In Vienna there is a restaurant called Figlmüller that not only claims to have invented the schnitzel, but to have done so as recently as 1905. I find that extraordinary as 1905 is only just beyond living memory, my grandfather was 20 and my own parents births were only 22 years away. How can something so famous and so universal be that recent? Anyway I went and had a most excellent Wiener Schnitzel washed down with a rather splendid beer and copious amounts of Grüner Veltliner from the restaurants’ own vineyards.

For desert I visited the Café Sacher inthe world famous Hotel Sacher, which makes probably the most famous chocolate cake in the world. I felt that at least once in my life I should try the original in the actual place that gave the world the sachertorte. The café is rather lovely with genuine old world charm, open till midnight and serves a stunning red Zweigelt Beerenauslese, from Weingut Kracher in Burgenland, which is absolutely perfect with a slice of sachertorte – a better match than coffee actually.

Having immersed myself in the most famous, possibly clichéd, but certainly delicious, aspects of Austria’s gastronomic culture, the next morning I felt ready to explore her wines.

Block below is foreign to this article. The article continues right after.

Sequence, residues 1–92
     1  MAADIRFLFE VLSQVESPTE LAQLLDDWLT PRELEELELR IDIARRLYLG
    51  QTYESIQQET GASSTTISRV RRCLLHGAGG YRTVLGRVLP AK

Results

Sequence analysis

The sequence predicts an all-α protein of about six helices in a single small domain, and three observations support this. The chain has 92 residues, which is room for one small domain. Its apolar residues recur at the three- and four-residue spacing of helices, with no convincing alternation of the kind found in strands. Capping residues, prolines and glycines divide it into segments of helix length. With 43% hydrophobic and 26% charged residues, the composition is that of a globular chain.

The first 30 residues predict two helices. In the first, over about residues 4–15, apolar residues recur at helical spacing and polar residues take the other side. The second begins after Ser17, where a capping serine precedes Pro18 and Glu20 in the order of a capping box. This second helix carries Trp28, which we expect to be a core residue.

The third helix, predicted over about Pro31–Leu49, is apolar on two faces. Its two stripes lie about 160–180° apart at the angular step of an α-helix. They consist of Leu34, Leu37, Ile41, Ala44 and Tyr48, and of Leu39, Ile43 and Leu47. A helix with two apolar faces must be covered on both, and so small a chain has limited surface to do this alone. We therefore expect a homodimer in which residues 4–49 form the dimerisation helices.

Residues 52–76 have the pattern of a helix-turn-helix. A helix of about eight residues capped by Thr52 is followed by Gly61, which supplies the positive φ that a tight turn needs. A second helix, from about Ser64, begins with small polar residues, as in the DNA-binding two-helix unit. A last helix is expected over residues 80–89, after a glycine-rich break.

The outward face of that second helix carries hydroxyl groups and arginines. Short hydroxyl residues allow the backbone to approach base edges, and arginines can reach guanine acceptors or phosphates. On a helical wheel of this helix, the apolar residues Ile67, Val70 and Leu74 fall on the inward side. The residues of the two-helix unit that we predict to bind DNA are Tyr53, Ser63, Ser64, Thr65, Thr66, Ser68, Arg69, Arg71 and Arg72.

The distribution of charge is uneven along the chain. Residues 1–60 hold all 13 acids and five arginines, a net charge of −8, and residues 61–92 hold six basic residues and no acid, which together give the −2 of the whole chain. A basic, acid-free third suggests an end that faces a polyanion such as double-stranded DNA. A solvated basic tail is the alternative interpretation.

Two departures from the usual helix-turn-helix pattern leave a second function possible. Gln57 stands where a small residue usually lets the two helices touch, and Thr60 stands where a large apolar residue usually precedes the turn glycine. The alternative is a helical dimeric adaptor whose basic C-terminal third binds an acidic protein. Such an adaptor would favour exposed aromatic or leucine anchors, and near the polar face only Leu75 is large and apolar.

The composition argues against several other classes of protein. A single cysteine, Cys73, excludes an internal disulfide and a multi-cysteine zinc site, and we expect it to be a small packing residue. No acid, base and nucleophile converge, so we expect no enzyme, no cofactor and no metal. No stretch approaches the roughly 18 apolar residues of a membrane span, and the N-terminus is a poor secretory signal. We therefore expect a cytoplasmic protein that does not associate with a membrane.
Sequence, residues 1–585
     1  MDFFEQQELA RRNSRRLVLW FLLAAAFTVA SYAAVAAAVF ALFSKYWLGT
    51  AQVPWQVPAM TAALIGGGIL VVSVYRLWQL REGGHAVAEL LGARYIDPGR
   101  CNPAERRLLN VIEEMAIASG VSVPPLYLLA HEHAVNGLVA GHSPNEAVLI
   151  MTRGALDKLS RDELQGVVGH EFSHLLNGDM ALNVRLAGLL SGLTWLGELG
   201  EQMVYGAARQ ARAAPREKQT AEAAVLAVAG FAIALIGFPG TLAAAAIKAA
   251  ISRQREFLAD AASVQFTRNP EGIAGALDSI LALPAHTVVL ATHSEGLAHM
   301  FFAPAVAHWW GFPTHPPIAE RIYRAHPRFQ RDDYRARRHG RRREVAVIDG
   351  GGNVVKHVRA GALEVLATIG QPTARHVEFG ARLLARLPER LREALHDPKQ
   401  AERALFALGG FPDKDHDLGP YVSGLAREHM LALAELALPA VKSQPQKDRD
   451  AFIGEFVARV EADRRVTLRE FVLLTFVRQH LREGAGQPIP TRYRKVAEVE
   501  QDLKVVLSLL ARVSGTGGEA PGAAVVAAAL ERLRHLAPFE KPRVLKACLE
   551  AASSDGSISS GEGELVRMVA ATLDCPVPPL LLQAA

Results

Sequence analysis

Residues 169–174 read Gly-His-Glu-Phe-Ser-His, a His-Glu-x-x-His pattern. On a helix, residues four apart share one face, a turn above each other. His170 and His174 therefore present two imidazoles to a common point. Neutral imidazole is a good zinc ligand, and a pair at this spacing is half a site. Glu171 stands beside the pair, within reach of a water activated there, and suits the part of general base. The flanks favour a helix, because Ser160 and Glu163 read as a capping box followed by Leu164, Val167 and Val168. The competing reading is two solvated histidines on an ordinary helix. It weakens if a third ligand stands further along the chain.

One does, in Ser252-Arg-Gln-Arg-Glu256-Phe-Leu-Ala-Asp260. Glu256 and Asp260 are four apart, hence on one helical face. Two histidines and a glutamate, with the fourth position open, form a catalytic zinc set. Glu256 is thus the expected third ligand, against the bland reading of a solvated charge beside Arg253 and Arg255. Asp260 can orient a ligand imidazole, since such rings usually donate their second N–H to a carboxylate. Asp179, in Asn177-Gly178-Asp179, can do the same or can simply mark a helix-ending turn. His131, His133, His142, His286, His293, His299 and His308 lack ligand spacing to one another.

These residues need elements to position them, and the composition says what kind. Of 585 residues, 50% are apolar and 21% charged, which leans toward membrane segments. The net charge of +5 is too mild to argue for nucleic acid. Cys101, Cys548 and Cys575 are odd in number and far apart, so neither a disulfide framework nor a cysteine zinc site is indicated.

Austria's wine regions - click for a larger view.

Austria’s wine regions – click for a larger view.

Touring the Vineyards
The start of my trip was billed as a vineyard rally through Leithaberg and Neusiedlersee. Of course with my new found instant knowledge I knew that Leithaberg was a Districtus Austriae Controllatus / D.A.C wine region near Eisenstadt that covered the lower reaches of the Leithaberg mountain and faced south east towards the beautiful lake called Neusiedlersee.

Despite sounding mysterious, the vineyard rally turned out to be simplicity itself, no hard hat or special training was required. We were taken to two different spots in the surrounding vineyards to meet some winemakers and taste their wines.

Our first stop was right in the middle of the vines with barely a building insight – other than church towers in the far, far distance. The weather was warm with clear blue skies and the spot stunningly beautiful with that feeling of total peace that I associate more with vineyards than anywhere else. Spying a falcon in flight just added to the feeling of being somewhere special.

Leo Sommer

Leo Sommer

Weingut Sommer
There we were met by the impossibly youthful looking Leo Sommer who was representing Weingut Sommer, the winery his family have run since 1698. Leo had set up a tasting for us right where the slope stopped at the foot of a rocky ridge. Looking one way I saw the vineyards sloping gently down towards the lake that shimmered enticingly in the distance. In the other direction the land became much steeper with fewer vineyards.

Looking towards the lake.

Looking towards the lake.

The Sommers farm 30 hectares here and they aim to capture the essence of the place in their wines. The summer here is hot and dry, with ripening helped by the warm winds blowing in from Hungary’s Pannonian plain. The nearby lake though manages to temper and balance that heat in the height of summer, while helping to keep the autumn cold at bay during the later part of the ripening season. This is the important Altweibersommer or Indian Summer that allows them to harvest very late in this area.